22. 22. A Guide for D elineation of Lymph Nodal Clinical Target Volume in R adiation Therapy Table 2.1 – Robbins classification Level Name Description Regions drained IA Submental Lymph nodes within the triangular boundary of the anterior belly of the Floor of mouth, anterior nodes digastric muscles and the hyoid bone oral tongue, anterior mandibular alveolar ridge, and lower lip IB Submandibular Lymph nodes within the boundaries of the anterior and posterior bellies Oral cavity, anterior nasal nodes of the digastric muscle, the stylohyoid muscle, and the mandibular body. cavity, and soft tissue It includes the pre- and postglandular nodes and the pre- and postvascu- structures of the mid- lar nodes. The submandibular gland is included in the specimen when the face, and submandibular lymph nodes within this triangle are removed gland IIA–IIB Upper jugular Lymph nodes located around the upper third of the internal jugular vein Oral cavity, nasal cavity, nodes and adjacent to spinal accessory nerve extending from the level of the nasopharynx, orophar- skull base to the level of the inferior border of the hyoid bone. The anterior ynx, hypopharynx, (medial) boundary is the lateral border of the sternohyoid muscle and the larynx, and parotid gland stylohyoid muscle, and the posterior (lateral) boundary is the posterior border of the sternocleidomastoid muscle IIA lymph nodes: Lymph nodes located anterior (medial) to the vertical plane defined by the spinal accessory nerve IIB lymph nodes: Lymph nodes located posterior (lateral) to the vertical plane defined by the spinal accessory nerve III Middle jugular Lymph nodes located around the middle third of the internal jugular vein Oral cavity, nasopharynx, nodes extending from the inferior border of the hyoid bone to the inferior border oropharynx, hypophar- of the cricoid bone. The anterior (medial) boundary is the lateral border of ynx, and larynx the sternohyoid muscle, and the posterior (lateral) boundary is the poste- rior border of the sternocleidomastoid muscle or the sensory branches of the cervical plexus IV Lower jugular Lymph nodes located around the lower third of the internal jugular vein Hypopharynx, cervical nodes extending from the inferior border of the cricoid bone to the clavicle. The esophagus, and larynx anterior (medial) boundary is the lateral border of the sternohyoid muscle and the posterior (lateral) boundary is the posterior border of the sterno- cleidomastoid muscle or the sensory branches of the cervical plexus VA–VB Posterior triangle This group is comprised predominantly of the lymph nodes located along Nasopharynx and nodes the lower half of the spinal accessory nerve and the transverse cervical oropharynx artery. The supraclavicular nodes are also included in this group. The superior boundary is formed by convergence of the sternocleidomastoid and trapezius muscles, the inferior boundary is the clavicle, the anterior (medial) boundary is the posterior border of the sternocleidomastoid muscle or the sensory branches of the cervical plexus, and the posterior (lateral) boundary is the anterior border of the trapezius muscle VA lymph nodes: Lymph nodes located above the horizontal plane defined by the inferior border of the cricoid cartilage. Included are the lymph nodes lying along the spinal accessory nerve VB lymph nodes: Lymph nodes located below the horizontal plane de- fined by the inferior border of the cricoid cartilage. In- cluded are the lymph nodes lying along the transverse cervical artery and the supraclavicular nodes, except the Virchow node which is located in level IV VI Anterior com- Lymph nodes in this compartment include the pre- and paratracheal Thyroid gland, glottic partment nodes nodes, precricoid (Delphian) node, and the perithyroidal nodes includ- and subglottic larynx, ing the lymph nodes along the recurrent laryngeal nerves. The superior apex of the piriform boundary is the hyoid bone, the inferior boundary is the suprasternal sinus, and cervical notch, and the lateral boundaries are the common carotid arteries esophagus Source: Adapted from Robbins KT, Clayman G, Levine PA, et al. (2002) [22] 14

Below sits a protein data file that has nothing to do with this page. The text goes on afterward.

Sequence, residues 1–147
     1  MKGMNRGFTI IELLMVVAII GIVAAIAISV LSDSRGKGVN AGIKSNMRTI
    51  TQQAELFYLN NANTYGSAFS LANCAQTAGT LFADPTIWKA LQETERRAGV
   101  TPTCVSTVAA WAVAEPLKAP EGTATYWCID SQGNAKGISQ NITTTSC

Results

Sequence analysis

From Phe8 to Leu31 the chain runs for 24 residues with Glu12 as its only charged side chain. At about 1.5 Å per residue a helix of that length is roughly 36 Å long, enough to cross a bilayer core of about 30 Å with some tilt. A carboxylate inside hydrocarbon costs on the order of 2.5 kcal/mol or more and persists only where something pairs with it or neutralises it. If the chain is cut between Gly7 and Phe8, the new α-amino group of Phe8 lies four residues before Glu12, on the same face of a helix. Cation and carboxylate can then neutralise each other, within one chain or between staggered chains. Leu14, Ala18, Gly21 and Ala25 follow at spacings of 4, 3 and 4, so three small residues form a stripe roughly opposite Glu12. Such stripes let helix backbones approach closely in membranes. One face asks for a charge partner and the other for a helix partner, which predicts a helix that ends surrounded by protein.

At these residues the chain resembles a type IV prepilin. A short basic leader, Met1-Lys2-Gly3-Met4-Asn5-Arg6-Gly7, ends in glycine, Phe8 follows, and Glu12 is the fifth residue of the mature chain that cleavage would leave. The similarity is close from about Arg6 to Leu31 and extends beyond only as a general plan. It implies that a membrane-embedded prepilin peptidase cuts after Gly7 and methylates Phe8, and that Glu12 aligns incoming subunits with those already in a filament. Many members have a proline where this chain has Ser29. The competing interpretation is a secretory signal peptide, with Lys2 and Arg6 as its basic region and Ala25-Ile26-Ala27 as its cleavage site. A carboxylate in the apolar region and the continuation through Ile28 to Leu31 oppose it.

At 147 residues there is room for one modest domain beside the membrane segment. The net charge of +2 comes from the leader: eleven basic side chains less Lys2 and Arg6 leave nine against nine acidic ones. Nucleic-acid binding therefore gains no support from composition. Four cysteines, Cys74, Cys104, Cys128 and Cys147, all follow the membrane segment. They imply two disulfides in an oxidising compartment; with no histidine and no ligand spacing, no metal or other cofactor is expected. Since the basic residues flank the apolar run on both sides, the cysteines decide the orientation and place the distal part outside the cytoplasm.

23. 23. Lymph Node Classification 2 Subsequently, two main classifications were pro- for its limited acceptance was the lack of an English posed: the classification of the AJCC adapted from translation until March 2000 [37]. Naruke [28–31] and that of the American Thoracic The AJCC produced a classification of 13 lymph Society (ATS) and the Lung Cancer Study Group node stations [38], however, it did not provide a de- (LCSG) [32–36]. scription of the anatomical boundaries of each sta- In 1978, Naruke suggested the use of an anatomi- tion: cal “map” in which the lymph node stations were • N2 nodes (within the mediastinum) numbered [29] and provided an anatomical defini- – Superior mediastinal nodes tion of 14 lymph node stations: 1. Highest mediastinal nodes 1. Superior mediastinal lymph nodes, located at 2. Upper paratracheal nodes the upper third of the trachea within the tho- 3. Pretracheal and retrotracheal nodes rax 4. Lower paratracheal nodes (including azy- 2. Paratracheal lymph nodes, corresponding to gos nodes) a level between stations 1 and 4, and situated – Aortic nodes along the lateral sides of the trachea 5. Subaortic (aortic window) 3. Pretracheal, retrotracheal, or posterior medi- 6. Para-aortic nodes (ascending aorta or phre- astinal, and anterior mediastinal lymph nodes nic) 4. Tracheobronchial nodes, in the lateral portion of – Inferior mediastinal nodes the junction between the trachea and the main 7. Subcarinal nodes bronchi (on the right side they are located at the 8. Paraesophageal nodes (below the carina) level of the azygos vein and on the left side they 9. Pulmonary ligament nodes are adjacent to the subaortic lymph nodes) • N1 nodes (nodes lying distal to the mediastinal 5. Subaortic lymph nodes pleural reflection) 6. Para-aortic lymph nodes 10. Hilar nodes 7. Subcarinal lymph nodes 11. Interlobar nodes 8. Paraesophageal nodes (below carina) 12. Lobar nodes 9. Pulmonary ligament lymph nodes 13. Segmental nodes 10. Hilar lymph nodes 11. Interlobar lymph nodes (the right interlobar In 1983 the ATS created a Committee on Lung nodes are classified, if necessary, into superior Cancer in order to draw up a “map” of regional and inferior) lymph nodes meeting the requirements of all 12. Lobar lymph nodes medical specialties concerned with lung cancer 13. Segmental lymph nodes [32]. The guidelines for the development of the clas- 14. Subsegmental lymph nodes sification were: avoid using the terms “mediastinal” and “hilar” since they are not specific from the The Japan Lung Cancer Society adopted this map- anatomicoclinical viewpoint; use the relationships ping and published a handbook for the classifica- with the main anatomical structures identifiable tion of lung cancer, providing detailed descriptions by mediastinoscopy (hence, on the right side: in- based on CT imaging and surgical findings, for each nominate artery, trachea, azygos vein, right main of the stations defined by Naruke. Although this bronchus, origin of the right superior lobe bronchus, manual has been widely used in Japan, it has not carina; on the left side: aorta, left pulmonary artery, been universally accepted. One of the main reasons ligamentum arteriosum, left main bronchus); and 15